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USDA restriction on states' SNAP administration weakens national safety net

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INDIANAPOLIS - eTradeWire -- Leadership for the Society for Nutrition Education and Behavior (SNEB) denounces this week's final rule from the USDA that will cost more than 1 million adults their SNAP benefits, in direct contradiction of congressional intent.

An estimated 1.2 million fewer adults (https://www.cbo.gov/system/files?file=2018-07/h...) would receive SNAP benefits under the USDA's final rule (https://s3.amazonaws.com/public-inspection.fede...), issued Wednesday, largely because of stricter mandatory work requirements for able-bodied adults without dependents (ABAWDs (https://www.fns.usda.gov/snap/able-bodied-adult...)). This rapid loss of SNAP benefits will exaggerate food insecurity (https://www.cbpp.org/research/poverty-and-inequ...) among ABAWDs when they are navigating uncertain job prospects. It would also impose financial hardship on states enforcing these stricter rules.

"This significant slash in eligibility would be detrimental to the Americans who depend on this essential program to make ends meet," said SNEB President Jennifer Wilkins, PhD, RD.

Congress had intense deliberations leading up to the 2018 Farm Bill (https://www.agriculture.senate.gov/imo/media/doc/Agriculture%20Improvement%20Act%20of%202018.pdf) regarding stricter work requirements imposed on ABAWDs unable to find work, and ultimately rejected such a controversial change by a historic vote of 87-13 in the Senate and by 369-47 in the House of Representatives. The publishing of this final rule, which received more than 100,000 public comments, should (https://scholarworks.uark.edu/cgi/viewcontent.cgi?article=1054&context=jflp) invoke a legislative and possibly judicial response challenging the USDA's authority to supersede congressional intent.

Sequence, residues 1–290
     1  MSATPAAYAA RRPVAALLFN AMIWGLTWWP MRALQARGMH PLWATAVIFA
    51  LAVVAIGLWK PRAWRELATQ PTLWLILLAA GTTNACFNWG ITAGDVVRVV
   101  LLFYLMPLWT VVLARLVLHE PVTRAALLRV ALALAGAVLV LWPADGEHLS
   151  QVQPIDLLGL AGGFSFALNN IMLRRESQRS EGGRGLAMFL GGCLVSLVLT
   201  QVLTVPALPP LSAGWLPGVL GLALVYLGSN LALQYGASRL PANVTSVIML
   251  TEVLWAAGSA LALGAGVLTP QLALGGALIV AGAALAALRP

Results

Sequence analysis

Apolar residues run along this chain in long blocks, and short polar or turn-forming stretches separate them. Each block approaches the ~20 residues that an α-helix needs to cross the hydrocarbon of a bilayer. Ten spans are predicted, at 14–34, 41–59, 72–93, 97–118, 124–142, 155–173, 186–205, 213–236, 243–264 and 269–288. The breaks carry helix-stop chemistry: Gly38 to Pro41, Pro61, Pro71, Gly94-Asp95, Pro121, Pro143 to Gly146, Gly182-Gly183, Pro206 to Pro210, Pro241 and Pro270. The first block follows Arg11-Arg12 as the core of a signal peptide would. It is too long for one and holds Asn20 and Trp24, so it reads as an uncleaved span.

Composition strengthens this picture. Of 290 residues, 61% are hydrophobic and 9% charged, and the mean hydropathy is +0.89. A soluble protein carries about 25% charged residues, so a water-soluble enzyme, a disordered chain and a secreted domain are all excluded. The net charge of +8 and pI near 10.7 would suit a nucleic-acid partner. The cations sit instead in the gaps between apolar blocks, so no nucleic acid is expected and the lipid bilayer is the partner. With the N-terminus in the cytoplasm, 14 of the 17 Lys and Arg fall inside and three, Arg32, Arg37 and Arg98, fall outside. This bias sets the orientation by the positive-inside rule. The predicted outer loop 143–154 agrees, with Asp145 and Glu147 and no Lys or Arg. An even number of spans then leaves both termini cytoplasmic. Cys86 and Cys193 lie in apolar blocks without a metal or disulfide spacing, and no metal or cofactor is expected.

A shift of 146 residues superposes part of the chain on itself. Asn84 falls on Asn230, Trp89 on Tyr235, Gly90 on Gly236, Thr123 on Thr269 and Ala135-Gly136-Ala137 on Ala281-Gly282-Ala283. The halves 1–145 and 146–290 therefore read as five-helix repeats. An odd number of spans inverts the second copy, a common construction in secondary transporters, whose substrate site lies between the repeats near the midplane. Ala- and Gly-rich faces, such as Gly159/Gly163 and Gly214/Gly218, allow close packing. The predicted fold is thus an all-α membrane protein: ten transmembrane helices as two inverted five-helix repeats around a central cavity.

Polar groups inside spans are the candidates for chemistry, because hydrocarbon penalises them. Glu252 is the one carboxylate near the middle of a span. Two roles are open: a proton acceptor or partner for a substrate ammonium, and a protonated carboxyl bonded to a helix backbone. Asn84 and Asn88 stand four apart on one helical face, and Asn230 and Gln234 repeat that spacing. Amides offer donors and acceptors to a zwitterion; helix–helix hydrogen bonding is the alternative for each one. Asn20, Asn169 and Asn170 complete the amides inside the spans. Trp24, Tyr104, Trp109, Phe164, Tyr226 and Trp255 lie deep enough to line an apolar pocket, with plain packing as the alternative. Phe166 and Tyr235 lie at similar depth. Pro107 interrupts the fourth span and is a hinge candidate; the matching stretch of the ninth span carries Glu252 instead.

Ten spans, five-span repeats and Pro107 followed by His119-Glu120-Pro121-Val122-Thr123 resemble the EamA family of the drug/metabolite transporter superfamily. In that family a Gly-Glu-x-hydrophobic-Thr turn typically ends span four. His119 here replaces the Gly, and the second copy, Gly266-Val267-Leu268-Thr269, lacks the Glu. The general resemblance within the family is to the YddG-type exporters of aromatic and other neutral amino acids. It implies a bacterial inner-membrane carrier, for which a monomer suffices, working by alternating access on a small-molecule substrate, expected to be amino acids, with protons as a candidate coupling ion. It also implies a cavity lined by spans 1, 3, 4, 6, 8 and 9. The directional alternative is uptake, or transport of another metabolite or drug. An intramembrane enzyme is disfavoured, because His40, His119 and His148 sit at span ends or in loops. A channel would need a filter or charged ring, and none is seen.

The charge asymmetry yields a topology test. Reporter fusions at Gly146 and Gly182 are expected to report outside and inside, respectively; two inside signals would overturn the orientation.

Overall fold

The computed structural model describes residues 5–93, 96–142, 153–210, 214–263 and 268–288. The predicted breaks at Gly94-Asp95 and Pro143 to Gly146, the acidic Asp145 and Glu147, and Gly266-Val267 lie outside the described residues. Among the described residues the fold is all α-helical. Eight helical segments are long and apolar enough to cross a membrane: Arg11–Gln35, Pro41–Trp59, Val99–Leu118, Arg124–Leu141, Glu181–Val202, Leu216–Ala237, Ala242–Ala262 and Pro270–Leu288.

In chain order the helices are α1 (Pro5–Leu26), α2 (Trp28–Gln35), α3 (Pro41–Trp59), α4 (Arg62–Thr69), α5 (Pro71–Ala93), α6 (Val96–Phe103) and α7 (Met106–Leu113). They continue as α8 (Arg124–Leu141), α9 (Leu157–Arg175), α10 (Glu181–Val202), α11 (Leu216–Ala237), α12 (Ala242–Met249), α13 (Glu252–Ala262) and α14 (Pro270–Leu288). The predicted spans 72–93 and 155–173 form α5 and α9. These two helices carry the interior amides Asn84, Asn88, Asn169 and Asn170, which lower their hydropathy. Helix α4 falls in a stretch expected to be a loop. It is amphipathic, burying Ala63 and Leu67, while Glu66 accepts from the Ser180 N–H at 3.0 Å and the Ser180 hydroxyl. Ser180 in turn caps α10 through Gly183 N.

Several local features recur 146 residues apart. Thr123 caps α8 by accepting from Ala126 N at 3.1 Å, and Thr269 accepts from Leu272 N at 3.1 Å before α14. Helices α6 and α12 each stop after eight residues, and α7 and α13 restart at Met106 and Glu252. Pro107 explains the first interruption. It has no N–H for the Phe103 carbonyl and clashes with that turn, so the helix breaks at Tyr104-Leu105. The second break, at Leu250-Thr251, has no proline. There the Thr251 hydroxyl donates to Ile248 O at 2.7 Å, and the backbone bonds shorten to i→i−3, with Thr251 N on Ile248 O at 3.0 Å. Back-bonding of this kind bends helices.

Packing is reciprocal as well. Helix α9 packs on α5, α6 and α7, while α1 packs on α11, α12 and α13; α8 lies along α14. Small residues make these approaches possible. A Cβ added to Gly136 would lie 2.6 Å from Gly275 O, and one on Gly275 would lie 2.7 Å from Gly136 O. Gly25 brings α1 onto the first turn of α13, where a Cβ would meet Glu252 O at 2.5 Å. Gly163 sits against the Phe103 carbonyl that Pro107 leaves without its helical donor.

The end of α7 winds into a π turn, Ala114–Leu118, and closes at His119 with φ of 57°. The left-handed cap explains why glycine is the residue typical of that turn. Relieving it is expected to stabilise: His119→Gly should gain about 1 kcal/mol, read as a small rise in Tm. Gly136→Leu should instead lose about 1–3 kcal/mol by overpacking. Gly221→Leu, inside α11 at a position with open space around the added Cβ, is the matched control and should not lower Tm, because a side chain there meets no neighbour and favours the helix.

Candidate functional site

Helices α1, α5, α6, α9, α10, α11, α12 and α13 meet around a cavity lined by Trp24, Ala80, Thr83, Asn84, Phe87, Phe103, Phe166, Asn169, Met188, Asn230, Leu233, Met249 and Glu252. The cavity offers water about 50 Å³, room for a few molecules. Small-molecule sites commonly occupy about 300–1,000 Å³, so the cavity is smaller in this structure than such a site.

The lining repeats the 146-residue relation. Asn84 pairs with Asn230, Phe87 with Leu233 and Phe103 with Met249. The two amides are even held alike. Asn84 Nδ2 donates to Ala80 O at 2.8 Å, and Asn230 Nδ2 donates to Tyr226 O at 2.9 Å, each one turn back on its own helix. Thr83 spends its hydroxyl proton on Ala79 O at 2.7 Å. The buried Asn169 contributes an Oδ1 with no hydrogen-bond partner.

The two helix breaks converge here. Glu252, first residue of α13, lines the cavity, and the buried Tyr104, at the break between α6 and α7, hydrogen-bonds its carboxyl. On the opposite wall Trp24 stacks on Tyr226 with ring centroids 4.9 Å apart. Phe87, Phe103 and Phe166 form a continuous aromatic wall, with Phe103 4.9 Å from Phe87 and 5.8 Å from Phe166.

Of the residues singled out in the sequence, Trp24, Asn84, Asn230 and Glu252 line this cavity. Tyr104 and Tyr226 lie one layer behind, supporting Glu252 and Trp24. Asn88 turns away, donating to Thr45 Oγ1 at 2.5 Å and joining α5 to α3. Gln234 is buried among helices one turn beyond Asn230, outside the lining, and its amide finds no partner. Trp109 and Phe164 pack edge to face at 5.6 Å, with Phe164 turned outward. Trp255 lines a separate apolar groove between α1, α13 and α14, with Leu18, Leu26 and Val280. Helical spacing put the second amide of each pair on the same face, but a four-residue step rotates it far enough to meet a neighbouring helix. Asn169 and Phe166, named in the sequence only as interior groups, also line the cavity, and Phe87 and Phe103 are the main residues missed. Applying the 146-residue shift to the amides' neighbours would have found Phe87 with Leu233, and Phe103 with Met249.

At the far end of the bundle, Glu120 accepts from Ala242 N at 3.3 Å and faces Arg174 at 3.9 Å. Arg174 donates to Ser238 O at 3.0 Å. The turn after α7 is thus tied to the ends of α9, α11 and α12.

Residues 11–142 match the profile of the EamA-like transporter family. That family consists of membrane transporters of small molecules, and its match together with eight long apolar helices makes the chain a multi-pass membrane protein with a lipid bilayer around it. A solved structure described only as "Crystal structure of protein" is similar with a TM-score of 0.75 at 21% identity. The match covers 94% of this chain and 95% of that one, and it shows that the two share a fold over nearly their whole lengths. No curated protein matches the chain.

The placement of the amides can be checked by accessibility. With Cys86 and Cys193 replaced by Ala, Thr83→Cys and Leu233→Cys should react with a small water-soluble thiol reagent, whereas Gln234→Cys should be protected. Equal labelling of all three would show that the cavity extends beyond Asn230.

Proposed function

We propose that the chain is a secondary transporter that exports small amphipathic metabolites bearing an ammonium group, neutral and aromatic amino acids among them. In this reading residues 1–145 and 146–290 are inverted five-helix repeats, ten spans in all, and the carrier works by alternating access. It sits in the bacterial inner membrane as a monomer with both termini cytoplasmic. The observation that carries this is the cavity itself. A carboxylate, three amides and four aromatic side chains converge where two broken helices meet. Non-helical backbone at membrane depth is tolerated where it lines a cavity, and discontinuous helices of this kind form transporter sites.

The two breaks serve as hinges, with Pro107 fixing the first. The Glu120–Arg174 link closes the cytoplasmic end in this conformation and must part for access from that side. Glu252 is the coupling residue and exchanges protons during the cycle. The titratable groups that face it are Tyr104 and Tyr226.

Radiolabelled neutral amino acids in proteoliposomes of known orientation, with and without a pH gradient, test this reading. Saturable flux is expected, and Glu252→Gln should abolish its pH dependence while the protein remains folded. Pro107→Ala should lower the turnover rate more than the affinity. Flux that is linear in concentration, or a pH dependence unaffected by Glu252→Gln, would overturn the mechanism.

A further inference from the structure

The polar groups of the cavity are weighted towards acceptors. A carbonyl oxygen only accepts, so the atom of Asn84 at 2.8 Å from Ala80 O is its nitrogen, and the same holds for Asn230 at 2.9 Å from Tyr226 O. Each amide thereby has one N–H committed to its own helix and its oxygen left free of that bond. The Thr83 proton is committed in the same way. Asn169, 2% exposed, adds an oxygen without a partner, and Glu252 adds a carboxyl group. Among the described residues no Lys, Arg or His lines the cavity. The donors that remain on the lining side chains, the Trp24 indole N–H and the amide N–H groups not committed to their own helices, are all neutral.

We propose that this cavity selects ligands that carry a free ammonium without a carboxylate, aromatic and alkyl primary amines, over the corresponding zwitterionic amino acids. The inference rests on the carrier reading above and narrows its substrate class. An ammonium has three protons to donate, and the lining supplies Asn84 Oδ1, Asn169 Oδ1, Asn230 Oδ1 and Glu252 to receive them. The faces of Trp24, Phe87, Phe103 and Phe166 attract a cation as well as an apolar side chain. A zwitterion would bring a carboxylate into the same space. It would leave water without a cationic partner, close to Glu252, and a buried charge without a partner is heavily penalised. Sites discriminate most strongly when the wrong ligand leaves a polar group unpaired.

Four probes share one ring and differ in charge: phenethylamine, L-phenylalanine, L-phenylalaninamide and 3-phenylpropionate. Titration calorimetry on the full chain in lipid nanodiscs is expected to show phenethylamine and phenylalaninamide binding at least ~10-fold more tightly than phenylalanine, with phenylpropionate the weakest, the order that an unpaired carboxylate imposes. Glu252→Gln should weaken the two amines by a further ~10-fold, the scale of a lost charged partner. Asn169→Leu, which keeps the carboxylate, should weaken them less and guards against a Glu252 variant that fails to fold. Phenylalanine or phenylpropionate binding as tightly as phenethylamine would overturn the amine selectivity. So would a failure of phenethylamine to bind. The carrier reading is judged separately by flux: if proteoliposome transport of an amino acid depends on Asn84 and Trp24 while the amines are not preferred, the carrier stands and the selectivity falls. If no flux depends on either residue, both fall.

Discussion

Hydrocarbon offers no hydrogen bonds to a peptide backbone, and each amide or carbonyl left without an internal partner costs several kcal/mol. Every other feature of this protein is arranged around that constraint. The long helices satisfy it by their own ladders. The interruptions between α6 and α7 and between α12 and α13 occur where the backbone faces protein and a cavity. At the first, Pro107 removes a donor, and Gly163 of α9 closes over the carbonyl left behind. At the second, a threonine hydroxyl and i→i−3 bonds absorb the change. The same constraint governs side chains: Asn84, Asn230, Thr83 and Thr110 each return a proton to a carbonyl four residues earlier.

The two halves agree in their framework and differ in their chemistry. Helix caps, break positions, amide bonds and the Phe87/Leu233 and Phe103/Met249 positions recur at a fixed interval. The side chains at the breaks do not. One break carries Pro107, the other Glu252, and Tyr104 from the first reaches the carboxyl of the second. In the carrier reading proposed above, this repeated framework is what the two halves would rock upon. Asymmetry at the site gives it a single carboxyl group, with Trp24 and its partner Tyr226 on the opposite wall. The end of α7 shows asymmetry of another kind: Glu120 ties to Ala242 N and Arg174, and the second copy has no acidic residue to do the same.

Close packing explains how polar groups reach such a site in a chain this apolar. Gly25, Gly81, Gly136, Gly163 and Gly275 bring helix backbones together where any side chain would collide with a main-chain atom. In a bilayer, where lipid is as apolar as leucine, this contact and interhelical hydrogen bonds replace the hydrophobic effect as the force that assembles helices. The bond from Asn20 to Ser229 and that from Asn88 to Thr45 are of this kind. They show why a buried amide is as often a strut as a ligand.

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"Any issues with SNAP work requirements should have been fixed in a manner that respects congressional intent and still permits certain degrees of state administrative autonomy," SNEB's Board of Directors said in a unified statement with its Advisory Committee on Public Policy. "This includes awaiting the recent Farm Bill (https://www.agriculture.senate.gov/download/far...) investments in employment and training pilots, which will hopefully provide better insights on how to grant states flexibility and other administrative supports necessary to meet their constituents' food security and employment needs through administering SNAP, among other safety net programs."

Known as an "automatic economic stabilizer (https://www.americanprogress.org/issues/poverty...)," SNAP helps lift (https://uknowledge.uky.edu/cgi/viewcontent.cgi?...) individuals out of poverty, "put food on the table (https://www.cbpp.org/research/food-assistance/s...)" and reduces (https://www.ers.usda.gov/webdocs/publications/4...) very low food security. Most (https://www.cbpp.org/research/food-assistance/m...) working-age adults in SNAP who can work do, often for low pay, without benefits, and unstable schedules. Research demonstrates (https://www.politico.com/agenda/story/2019/04/2...) that even when these Americans are employed full-time, they are often underemployed and still need food and nutrition assistance.

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"We encourage the USDA to develop innovative intra-governmental collaborations and public-private partnerships to address the root causes of unemployment and explore how best to utilize a program aimed at preventing food insecurity as a means of transitioning participants with a range of marketable skills and life circumstances into more stable and stronger workforce situations. We also encourage the USDA to focus more on promising policy, programmatic and resource allocation strategies that strengthen the economic, food security and other public health impacts of SNAP."

Evan Hoffmeyer, Senior Communications Coordinator

Source: Society for Nutrition Education and Behavior
Filed Under: Health

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